Have you got the post holiday blues?

September can be a dreary time of the year. The kids are back at school, we have all returned from our summer holidays; the nights are drawing in, and it seems a long time until the Christmas holidays. So what can this mean for us? Often, one thing, the back-to-work blues.

Post Holiday Blues?

Post Holiday Blues?

According to research, Autumn is a key time to have a career crisis. Many of us spend a relaxing fortnight in the sun questioning our choice of job and dreading going back to the office. You may even have what some experts have dubbed Post Holiday Syndrome – a general feeling of discomfort, tiredness, lack of appetite and anxiety.

First of all, it is not that uncommon to have an initial feeling of discomfort about returning to work following a holiday.  A holiday is a time for relaxation, a suspension of reality and responsibility.  Getting back home is returning to the reality of life, responsibilities, and work.  For many people work may not be a passion even though it is enjoyable or acceptable most of the time.  If, however, you are anxious and lacking appetite on returning from holiday then you may need to explore this further.

It is important to first of all distinguish between anxiety and nervousness or concern.  When you are in a state of anxiety, you tend to exaggerate the badness of the situation, underestimate your ability to stand or cope and even put yourself down.  The thoughts tend be very negative and all that you want to do is think of ways to avoid or run away from the situation.  In this case it may be
related to the job itself or even bosses or people you are working with.  You may think that you have no other choice left in the world and feel like you are forcing yourself to do something that you really do not want to do. In this state of anxiety you may lose your appetite and also have problems with sleeping.


So what can you do about the back the work blues?


  • Change the way you are currently thinking about work and make it more helpful to you.  Accept that you may not be in your ideal workplace at the moment but whilst that is bad, it is not the worst thing that can happen to you and that you can tolerate it even though you may not like it.
  • Reflect on what you want to be doing.   Maybe it is time to explore your options and what really interests you.  This may take a little time but is worth it.  Once you have established your goal then create a plan about what you need to do to
    start moving towards it.  You need to accept that achieving your career goal may mean retraining and may take a few
    years. (If you think you might be interested in retraining in therapy/hypnotherapy remember to check out www.ccbh.org.uk for more info on Cognitive Behavioural Hypnotherapy our courses.)
  • Think clearly about why your goal is important to you.  Write these reasons down.  Keep your focus on the goal and remind
    yourself of these personally important reasons. This will help you remain focused on your plan particularly when at time
    you may feel de-motivated or uncomfortable in your current job.

Lastly, remember that you are only in your current job temporarily and that it will come to an end sooner or later and you will be embarking on something new.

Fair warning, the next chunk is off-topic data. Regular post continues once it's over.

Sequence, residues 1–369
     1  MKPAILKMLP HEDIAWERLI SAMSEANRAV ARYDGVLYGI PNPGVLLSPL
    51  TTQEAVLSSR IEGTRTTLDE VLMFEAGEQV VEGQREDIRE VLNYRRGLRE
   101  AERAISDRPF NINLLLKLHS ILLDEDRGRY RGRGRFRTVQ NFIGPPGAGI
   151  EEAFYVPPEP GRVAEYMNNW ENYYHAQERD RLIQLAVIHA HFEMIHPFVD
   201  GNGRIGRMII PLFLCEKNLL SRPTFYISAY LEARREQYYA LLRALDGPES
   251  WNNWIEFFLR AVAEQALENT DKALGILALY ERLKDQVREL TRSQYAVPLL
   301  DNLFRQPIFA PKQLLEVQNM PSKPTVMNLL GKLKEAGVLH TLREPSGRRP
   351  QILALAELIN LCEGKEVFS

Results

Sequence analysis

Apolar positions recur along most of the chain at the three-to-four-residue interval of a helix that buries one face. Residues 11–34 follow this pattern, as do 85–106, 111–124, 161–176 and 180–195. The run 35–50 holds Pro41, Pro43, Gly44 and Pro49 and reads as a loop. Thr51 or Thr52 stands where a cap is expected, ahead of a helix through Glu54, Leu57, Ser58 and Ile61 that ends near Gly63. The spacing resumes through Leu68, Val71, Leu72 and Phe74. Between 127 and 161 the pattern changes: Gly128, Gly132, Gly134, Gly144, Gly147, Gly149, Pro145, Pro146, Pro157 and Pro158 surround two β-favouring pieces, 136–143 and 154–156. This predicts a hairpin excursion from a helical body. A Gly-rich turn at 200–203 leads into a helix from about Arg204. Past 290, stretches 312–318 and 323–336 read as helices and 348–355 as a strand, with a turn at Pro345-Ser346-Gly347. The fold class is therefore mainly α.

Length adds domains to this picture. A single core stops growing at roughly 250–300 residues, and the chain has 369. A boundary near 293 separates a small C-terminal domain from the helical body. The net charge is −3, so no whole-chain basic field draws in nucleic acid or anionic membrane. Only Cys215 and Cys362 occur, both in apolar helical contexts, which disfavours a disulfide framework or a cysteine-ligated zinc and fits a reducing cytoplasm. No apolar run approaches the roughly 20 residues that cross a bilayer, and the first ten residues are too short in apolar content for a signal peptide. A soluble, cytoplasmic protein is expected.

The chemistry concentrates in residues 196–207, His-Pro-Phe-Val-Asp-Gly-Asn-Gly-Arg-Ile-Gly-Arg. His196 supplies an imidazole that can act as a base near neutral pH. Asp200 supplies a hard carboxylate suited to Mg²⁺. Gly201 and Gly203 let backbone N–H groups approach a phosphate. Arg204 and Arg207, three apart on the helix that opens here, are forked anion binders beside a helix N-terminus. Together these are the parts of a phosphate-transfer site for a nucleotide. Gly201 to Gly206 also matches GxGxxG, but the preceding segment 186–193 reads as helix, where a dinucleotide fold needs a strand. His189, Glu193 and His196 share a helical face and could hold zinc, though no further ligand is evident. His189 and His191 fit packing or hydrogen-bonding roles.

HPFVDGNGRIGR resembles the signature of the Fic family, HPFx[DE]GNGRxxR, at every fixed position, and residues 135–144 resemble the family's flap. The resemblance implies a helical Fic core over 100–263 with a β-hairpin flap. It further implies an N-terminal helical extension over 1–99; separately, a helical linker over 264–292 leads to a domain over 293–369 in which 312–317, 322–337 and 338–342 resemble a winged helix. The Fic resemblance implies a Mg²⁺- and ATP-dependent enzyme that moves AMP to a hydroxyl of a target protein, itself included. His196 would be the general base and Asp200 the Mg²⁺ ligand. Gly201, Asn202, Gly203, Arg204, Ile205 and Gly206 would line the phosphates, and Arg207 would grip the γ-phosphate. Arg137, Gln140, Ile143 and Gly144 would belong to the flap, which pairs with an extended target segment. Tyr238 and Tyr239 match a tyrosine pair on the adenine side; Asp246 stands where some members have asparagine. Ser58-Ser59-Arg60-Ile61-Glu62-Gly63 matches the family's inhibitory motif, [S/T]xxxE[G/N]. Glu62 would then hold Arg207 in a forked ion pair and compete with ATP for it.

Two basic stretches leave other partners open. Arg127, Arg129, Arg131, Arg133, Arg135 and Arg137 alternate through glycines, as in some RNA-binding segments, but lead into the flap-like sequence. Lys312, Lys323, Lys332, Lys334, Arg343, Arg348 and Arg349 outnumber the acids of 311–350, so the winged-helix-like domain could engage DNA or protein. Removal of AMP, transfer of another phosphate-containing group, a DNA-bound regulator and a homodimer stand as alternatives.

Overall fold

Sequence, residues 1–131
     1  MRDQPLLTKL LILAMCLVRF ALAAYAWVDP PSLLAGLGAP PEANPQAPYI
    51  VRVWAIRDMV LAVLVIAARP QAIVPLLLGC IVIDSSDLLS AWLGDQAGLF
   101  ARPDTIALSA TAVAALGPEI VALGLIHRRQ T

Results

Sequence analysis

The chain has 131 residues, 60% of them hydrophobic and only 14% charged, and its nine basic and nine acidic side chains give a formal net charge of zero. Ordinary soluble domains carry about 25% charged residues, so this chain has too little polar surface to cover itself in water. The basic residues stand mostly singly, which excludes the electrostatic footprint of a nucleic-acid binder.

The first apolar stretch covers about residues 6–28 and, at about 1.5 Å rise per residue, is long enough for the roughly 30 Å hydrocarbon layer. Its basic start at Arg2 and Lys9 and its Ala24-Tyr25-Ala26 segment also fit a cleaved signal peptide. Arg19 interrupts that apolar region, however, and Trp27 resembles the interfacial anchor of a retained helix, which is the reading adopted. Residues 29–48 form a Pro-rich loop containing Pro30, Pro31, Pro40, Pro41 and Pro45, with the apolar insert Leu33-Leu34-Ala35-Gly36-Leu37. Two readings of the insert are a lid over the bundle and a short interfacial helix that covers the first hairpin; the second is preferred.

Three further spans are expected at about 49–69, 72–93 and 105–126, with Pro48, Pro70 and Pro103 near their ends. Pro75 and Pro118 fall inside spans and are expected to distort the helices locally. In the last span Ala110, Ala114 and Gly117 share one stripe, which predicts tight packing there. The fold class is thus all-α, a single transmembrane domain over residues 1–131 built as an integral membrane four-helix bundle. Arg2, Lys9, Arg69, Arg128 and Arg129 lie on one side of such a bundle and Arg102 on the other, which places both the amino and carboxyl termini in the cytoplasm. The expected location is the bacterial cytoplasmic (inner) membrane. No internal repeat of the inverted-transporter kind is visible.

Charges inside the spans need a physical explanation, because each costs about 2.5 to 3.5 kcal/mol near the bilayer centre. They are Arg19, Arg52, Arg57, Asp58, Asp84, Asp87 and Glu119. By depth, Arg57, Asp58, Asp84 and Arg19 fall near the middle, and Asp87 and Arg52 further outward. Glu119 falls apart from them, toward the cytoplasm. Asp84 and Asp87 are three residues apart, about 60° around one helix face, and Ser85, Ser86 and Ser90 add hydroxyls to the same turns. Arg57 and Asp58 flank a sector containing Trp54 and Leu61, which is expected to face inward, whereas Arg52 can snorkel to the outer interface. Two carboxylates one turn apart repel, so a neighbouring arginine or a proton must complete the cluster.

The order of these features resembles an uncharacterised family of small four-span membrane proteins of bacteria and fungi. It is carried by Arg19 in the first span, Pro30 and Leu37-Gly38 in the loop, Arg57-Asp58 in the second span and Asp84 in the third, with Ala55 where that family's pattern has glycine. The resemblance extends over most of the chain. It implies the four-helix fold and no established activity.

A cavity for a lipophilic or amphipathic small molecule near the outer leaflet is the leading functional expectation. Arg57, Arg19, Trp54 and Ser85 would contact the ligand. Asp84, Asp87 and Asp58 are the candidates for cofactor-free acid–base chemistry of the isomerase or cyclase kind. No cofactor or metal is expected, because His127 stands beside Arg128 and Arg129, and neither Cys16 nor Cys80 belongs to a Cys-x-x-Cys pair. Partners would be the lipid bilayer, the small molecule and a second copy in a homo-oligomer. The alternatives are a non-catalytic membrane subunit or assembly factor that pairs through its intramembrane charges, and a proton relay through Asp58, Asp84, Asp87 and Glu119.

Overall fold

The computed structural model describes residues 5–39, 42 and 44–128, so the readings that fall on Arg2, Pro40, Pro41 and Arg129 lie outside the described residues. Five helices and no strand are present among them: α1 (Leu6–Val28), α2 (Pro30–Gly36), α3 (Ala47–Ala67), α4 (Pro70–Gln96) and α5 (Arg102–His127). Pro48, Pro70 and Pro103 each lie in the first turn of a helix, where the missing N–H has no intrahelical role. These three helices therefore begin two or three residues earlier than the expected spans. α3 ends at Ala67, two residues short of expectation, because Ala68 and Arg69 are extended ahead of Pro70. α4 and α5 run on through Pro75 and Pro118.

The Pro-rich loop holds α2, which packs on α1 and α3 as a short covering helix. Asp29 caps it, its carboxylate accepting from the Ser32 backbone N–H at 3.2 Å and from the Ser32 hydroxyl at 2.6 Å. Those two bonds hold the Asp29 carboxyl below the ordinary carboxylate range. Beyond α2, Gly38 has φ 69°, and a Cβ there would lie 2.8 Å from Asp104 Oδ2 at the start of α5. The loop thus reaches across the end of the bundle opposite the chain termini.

Ok, so that is the post holiday blues, but many of us encounter another problem in these cold Autumn and winter months, after we have returned from holiday, and this is that you can lose diet/health motivation

Let’s explain a little more. From spring until August, most of us have one diet goal – ­ to look good on our summer holiday. But come the autumn, with Christmas still too far away to worry about and the colder weather meaning we naturally cover up more,
it can be hard to have a weight loss focus. You need to find a new goal to focus on and re-energise your healthy eating efforts.

If you only want to lose weight for your summer holiday or for Christmas then accept that that’s your goal and it’s for that specific reason only.  This means accepting that weight loss is not a major issue for you.  Accept yourself and get on with life.  Find another
temporary goal like giving up a certain food for Lent or an alcohol detox for a month.  You can join with a friend and start walking or jogging together.

However, if physical health and well being is important to you then you need to keep it high on your agenda and not just for holidays.


How can you keep motivated about health all year round?

  • Create a health goal and ensure it is high on your list of priorities and commit to achieving it.  You will struggle if you are inconsistent with this.  So think about why your physical health is important to you.
  • Make a list of ‘What’s in it for me in committing to my physical health and well being?’  This list becomes the source of your motivation and initial kick start.  You need to be thinking about your goal and this list daily.  A good exercise would be to start imagining yourself with your goal already achieved.  Do this daily for a few weeks to start the feeling of motivation and then put it into action and be consistent.
  • During this initial period, accept that it will feel like a challenge.  Keep imagining your goal and remind yourself of your list. This will help you tolerate this initial period more easily.
  • After a few weeks, your feelings of motivation will naturally be there as a new lifestyle habit will begin to develop.  It always feels more challenging at the beginning so realise this is natural.  Keep your goal and ‘what in it for me reasons?’ at the forth front of your mind and accept that this initial feeling of discomfort is temporary but part of it.

We hope these tips help. Do let us know your experiences of combating your post holiday blues!

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